Emergency Officials Brief Media

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This is a transcript of the Sept. 2, conference call for New Jersey media with the Federal Emergency Management Agency and New Jersey Office of Emergency Management Officials outlining Hurricane Irene recovery efforts:

William “Bill” Vogel, Federal Coordinating Officer, Federal Emergency Management Agency:
Thanks everybody, I’m happy to be here and happy to be working with New Jersey. I want to start off by saying it’s a real pleasure to come into a state where the partnership in terms of federal, state, local, and private agencies have really worked hard for the whole community to be able to support any ongoing requirements for those survivors who may have been affected by the terrible hurricane that we experienced last week.

I just want to let you know that we’re happy that the President signed a major presidential declaration very quickly and what that did was open up funding for New Jersey to receive federal funds for two different programs. One of them is called public assistance, the other is individual assistance.
Public assistance takes care of all of infrastructure, buildings, highways, bridges, water control facilities, parks, and public buildings. Individual assistance, as very well stated, takes care of all of the individual homeowners and all of the personnel who are living in the State of New Jersey.

Now, there’s a dollar threshold that is associated with public assistance, which makes it very simple to turn a county on for eligibility for infrastructure repairs. This year, that threshold is $3.27 per capita, per county. So, if the county population, time $3.27 is exceeded in the amount of damage, that county will be eligible for public assistance.

Individual assistance on the other hand, is a different process, where we go through a community, jointly with the State. The State determines the priorities on how it is we’re going to organize our teams and where it is we are going to go and do the inspections based on the severity of the damage throughout the State.

I’m happy to tell you that the approach that New Jersey has taken for this whole process is a very aggressive approach and by Tuesday we will have had all the information compiled throughout the State of New Jersey in every county, for both individual and public assistance’s Joint Damage Assessment. With that process complete then those counties that have sufficient damage will be forwarded with a recommendation to include those additional counties for either of the programs for which they may be eligible to be included in the Presidential Major Disaster Declaration that was granted to New Jersey earlier this week.

The process is a continuing process. And just because a county has not yet been added, certainly does not mean they would not be eligible for the same benefits that a county who has already been included in the disaster declaration would receive. There is no penalty for not being included in the original declaration. As a matter of fact, most of our declarations throughout the United States come that way with the ability to add additional counties as additional damages are identified. And as you very well know that when the water level is high after a floor, it may take a week or even longer for that water to go down, so that we would have access to those different facilities and areas that may have experienced damage.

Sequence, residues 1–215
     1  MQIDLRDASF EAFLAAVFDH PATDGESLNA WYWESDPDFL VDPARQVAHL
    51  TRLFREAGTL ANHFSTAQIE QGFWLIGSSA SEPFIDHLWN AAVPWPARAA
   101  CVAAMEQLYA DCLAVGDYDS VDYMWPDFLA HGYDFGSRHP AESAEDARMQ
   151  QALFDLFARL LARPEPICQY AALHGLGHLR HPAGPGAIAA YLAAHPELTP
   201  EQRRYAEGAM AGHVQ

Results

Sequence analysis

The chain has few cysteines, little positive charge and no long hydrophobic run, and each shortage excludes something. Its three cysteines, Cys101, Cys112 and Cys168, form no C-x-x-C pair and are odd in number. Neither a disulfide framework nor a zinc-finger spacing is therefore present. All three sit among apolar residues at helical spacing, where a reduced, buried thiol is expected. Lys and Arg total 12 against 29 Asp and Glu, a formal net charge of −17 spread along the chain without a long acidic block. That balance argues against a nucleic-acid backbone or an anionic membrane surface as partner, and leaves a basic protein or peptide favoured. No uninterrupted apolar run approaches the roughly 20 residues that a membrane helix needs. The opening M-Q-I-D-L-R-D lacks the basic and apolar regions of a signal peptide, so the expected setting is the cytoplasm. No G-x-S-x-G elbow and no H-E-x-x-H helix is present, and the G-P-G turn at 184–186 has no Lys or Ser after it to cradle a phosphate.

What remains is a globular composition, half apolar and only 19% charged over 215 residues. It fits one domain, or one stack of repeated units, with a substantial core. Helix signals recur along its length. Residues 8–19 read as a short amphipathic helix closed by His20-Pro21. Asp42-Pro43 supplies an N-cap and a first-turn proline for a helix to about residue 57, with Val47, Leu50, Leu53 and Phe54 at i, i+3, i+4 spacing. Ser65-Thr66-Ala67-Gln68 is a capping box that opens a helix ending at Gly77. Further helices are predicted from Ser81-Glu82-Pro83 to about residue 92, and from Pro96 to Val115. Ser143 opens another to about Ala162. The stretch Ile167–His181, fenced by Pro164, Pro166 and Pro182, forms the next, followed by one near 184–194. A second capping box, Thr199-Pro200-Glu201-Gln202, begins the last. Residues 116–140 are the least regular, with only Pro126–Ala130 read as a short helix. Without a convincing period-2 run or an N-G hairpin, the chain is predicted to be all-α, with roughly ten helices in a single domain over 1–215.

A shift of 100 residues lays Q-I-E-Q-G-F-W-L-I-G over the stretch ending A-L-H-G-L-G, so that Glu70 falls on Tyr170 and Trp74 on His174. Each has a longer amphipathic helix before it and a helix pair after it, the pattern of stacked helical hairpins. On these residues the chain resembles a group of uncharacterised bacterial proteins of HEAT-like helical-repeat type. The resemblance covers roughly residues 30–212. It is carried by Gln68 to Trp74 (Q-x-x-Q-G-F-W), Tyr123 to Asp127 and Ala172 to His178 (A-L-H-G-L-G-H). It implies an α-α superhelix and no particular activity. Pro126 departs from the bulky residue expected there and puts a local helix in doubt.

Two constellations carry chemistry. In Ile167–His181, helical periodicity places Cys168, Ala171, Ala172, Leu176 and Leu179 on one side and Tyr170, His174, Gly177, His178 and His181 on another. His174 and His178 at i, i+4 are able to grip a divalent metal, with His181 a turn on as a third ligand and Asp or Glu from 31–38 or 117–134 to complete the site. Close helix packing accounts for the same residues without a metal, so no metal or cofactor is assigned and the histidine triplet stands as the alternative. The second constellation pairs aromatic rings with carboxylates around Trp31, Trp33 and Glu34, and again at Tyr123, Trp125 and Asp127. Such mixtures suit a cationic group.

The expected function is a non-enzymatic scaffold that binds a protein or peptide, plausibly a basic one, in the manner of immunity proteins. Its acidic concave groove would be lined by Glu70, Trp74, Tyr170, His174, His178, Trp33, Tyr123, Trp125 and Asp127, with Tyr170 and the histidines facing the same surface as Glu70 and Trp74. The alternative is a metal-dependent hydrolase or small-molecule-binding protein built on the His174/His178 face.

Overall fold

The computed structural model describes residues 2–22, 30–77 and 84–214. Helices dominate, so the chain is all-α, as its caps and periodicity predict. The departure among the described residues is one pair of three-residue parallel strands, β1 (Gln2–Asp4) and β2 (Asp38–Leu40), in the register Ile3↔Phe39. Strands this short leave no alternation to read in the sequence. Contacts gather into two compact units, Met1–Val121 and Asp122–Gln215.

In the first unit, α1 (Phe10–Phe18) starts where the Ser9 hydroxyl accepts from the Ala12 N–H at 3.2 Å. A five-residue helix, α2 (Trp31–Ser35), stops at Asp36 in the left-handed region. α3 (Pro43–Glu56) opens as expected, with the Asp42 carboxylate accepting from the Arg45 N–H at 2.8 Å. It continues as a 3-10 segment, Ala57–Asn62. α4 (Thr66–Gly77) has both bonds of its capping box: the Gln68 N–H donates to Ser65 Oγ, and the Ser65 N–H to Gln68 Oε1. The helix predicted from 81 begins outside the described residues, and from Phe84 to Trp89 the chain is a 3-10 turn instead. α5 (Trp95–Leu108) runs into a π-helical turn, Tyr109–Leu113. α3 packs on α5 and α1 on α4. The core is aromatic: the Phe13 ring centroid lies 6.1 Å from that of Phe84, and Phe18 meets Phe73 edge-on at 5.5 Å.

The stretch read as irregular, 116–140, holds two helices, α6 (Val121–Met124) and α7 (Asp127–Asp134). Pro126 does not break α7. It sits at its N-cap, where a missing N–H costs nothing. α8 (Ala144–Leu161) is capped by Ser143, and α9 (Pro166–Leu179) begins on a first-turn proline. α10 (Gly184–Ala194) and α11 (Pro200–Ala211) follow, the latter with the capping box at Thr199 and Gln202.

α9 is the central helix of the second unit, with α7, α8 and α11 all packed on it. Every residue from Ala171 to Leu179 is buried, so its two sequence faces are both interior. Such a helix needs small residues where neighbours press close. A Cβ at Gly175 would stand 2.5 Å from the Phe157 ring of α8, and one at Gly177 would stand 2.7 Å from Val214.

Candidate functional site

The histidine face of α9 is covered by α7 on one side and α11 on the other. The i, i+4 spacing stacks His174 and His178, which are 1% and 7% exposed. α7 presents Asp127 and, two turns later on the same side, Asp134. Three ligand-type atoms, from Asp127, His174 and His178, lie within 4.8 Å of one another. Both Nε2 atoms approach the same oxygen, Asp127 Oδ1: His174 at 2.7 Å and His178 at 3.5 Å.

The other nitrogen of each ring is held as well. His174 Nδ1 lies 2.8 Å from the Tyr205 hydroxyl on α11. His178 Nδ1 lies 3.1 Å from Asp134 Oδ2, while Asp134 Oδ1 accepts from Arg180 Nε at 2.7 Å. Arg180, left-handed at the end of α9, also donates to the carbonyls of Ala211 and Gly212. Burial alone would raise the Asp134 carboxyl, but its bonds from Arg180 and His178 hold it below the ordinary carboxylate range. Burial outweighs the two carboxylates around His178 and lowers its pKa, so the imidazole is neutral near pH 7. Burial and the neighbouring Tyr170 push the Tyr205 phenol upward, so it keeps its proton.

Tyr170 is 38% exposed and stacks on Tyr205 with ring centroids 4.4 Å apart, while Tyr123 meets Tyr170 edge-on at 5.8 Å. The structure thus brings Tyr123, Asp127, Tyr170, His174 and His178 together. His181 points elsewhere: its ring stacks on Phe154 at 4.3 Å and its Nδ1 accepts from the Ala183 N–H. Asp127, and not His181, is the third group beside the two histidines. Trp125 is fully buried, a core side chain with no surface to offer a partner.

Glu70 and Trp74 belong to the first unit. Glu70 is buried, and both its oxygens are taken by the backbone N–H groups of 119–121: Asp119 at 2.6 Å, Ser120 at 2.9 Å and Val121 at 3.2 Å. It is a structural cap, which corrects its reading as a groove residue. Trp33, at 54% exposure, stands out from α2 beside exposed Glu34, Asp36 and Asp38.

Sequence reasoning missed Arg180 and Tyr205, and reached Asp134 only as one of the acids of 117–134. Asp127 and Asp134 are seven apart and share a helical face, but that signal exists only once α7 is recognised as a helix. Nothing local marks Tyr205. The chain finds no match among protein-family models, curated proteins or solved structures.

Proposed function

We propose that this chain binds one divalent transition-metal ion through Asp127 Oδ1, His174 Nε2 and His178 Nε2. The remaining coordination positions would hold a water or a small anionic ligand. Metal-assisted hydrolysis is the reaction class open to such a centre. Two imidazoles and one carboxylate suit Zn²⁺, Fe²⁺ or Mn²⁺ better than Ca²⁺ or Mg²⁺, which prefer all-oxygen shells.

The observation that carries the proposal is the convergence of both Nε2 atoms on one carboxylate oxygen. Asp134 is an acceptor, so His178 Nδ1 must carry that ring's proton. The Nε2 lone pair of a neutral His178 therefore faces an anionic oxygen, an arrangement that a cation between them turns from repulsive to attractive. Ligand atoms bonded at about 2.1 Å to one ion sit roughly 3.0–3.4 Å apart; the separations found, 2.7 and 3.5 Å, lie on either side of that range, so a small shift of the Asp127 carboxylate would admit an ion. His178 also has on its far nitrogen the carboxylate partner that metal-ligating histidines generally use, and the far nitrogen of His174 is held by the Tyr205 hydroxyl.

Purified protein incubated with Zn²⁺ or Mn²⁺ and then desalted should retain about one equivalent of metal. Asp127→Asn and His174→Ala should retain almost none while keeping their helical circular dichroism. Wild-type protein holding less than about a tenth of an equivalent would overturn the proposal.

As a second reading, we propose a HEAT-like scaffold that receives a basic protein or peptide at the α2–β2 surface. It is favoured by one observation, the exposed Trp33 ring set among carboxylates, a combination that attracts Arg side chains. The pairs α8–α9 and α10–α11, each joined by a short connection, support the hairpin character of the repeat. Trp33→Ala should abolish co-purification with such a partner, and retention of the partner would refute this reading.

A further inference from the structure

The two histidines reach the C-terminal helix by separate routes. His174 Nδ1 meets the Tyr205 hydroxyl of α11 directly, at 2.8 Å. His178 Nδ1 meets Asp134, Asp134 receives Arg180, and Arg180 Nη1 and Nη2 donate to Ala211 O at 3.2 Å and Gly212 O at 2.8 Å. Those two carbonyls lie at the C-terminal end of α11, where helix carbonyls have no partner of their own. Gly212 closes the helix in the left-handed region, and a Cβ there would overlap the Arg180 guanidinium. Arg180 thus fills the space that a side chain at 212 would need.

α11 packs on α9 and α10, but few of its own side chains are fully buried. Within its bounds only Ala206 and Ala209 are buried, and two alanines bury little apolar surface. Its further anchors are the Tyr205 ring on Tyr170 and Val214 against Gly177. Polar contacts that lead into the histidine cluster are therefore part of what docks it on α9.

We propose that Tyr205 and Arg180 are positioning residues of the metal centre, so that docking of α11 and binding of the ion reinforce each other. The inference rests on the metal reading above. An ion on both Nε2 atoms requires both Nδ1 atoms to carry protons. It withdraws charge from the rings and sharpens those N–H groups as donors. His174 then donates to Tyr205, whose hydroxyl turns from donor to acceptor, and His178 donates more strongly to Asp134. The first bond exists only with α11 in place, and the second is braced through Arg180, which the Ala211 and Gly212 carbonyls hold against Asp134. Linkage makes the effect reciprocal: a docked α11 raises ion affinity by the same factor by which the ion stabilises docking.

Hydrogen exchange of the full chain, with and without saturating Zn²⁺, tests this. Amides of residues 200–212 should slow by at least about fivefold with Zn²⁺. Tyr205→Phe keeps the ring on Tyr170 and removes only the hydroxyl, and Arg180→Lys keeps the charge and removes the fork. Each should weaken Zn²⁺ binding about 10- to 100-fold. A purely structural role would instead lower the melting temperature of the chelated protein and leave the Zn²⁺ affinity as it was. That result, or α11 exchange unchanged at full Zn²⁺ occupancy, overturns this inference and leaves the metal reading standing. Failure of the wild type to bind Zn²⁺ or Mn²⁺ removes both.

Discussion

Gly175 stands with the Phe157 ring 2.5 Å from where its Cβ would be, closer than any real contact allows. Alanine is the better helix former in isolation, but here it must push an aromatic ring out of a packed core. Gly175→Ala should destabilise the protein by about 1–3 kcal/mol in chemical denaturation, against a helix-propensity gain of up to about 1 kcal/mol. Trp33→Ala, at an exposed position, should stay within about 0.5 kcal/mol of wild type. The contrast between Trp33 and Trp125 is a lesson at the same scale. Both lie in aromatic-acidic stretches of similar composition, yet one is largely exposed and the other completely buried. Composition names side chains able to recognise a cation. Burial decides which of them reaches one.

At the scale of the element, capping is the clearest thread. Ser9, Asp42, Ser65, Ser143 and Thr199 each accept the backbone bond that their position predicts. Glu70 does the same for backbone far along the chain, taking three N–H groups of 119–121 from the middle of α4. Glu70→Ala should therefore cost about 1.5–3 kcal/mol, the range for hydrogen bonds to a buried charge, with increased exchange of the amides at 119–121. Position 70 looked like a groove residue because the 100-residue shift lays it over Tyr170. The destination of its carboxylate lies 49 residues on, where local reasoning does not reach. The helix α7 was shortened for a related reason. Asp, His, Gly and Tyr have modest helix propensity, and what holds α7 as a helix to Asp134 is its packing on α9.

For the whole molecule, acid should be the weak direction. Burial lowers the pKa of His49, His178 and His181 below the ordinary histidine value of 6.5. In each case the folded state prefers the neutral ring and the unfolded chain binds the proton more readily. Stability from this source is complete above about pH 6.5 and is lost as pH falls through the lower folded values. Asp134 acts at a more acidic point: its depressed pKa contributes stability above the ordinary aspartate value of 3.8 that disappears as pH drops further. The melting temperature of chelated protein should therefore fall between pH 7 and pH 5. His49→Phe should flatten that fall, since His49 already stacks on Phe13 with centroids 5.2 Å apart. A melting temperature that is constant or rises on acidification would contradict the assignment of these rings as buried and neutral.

So my message to you is that we are aggressively working with the State of New Jersey, FEMA is aggressively working with the State of New Jersey in order to do those damage assessments to get them completed as quickly as possible so that we are able to help those survivors who have suffered damage.

Major Dennis McNulty, Commanding Officer, New Jersey Office of Emergency Management:
This is Major McNulty from State Office of Emergency Management. I would also add that in addition to the preliminary damage assessments that are going to be ongoing throughout the weekend with the conclusion targeted for Tuesday comes the establishment of Disaster Recovery Centers in each of the eligible counties. And in those facilities, we place state, federal and county agencies where individuals in need of information, in need of assistance in terms of registering or understanding the process by which they can seek assistance through the federal government can go to and get the information they need approaching each agency as they identify their needs.

And again they’ll be established come Tuesday of next week and open for business.

This is Bill Vogel, again. One other thing that is very important for any survivor who may have suffered any type of damage is to register with the Federal Emergency Management Agency and they can do that through a number of ways. One of them is to call the 1-800 FEMA line. That telephone number 1 (800) 621-3362 or they can register online at www.fema.gov.

We will have a number of Community Relations Teams throughout the State of New Jersey who will be canvassing areas to ensure that you have the information on how it is that you register. Any of those people will be able to loan you their cell phone and you can register immediately as those teams canvas throughout the State of New Jersey. So I cannot stress how important it is to call that registration number and that’s (800) 621-3362.

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